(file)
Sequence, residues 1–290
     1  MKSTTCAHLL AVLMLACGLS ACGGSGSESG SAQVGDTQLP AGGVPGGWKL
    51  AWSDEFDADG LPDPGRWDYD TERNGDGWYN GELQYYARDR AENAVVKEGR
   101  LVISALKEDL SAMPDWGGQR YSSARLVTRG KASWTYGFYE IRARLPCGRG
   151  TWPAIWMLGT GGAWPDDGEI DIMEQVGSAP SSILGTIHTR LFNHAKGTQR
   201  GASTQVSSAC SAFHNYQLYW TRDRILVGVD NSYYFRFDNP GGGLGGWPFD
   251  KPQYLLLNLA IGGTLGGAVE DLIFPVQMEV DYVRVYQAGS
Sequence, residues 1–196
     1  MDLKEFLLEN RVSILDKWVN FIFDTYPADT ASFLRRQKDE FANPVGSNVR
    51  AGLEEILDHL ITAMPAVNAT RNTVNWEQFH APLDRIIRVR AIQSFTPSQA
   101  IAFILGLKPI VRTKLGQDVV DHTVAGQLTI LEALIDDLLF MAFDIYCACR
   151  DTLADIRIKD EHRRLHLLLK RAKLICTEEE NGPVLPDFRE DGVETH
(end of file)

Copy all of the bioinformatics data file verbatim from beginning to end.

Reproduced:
Sequence, residues 1–290
     1  MKSTTCAHLL AVLMLACGLS ACGGSGSESG SAQVGDTQLP AGGVPGGWKL
    51  AWSDEFDADG LPDPGRWDYD TERNGDGWYN GELQYYARDR AENAVVKEGR
   101  LVISALKEDL SAMPDWGGQR YSSARLVTRG KASWTYGFYE IRARLPCGRG
   151  TWPAIWMLGT GGAWPDDGEI DIMEQVGSAP SSILGTIHTR LFNHAKGTQR
   201  GASTQVSSAC SAFHNYQLYW TRDRILVGVD NSYYFRFDNP GGGLGGWPFD
   251  KPQYLLLNLA IGGTLGGAVE DLIFPVQMEV DYVRVYQAGS
Sequence, residues 1–196
     1  MDLKEFLLEN RVSILDKWVN FIFDTYPADT ASFLRRQKDE FANPVGSNVR
    51  AGLEEILDHL ITAMPAVNAT RNTVNWEQFH APLDRIIRVR AIQSFTPSQA
   101  IAFILGLKPI VRTKLGQDVV DHTVAGQLTI LEALIDDLLF MAFDIYCACR
   151  DTLADIRIKD EHRRLHLLLK RAKLICTEEE NGPVLPDFRE DGVETH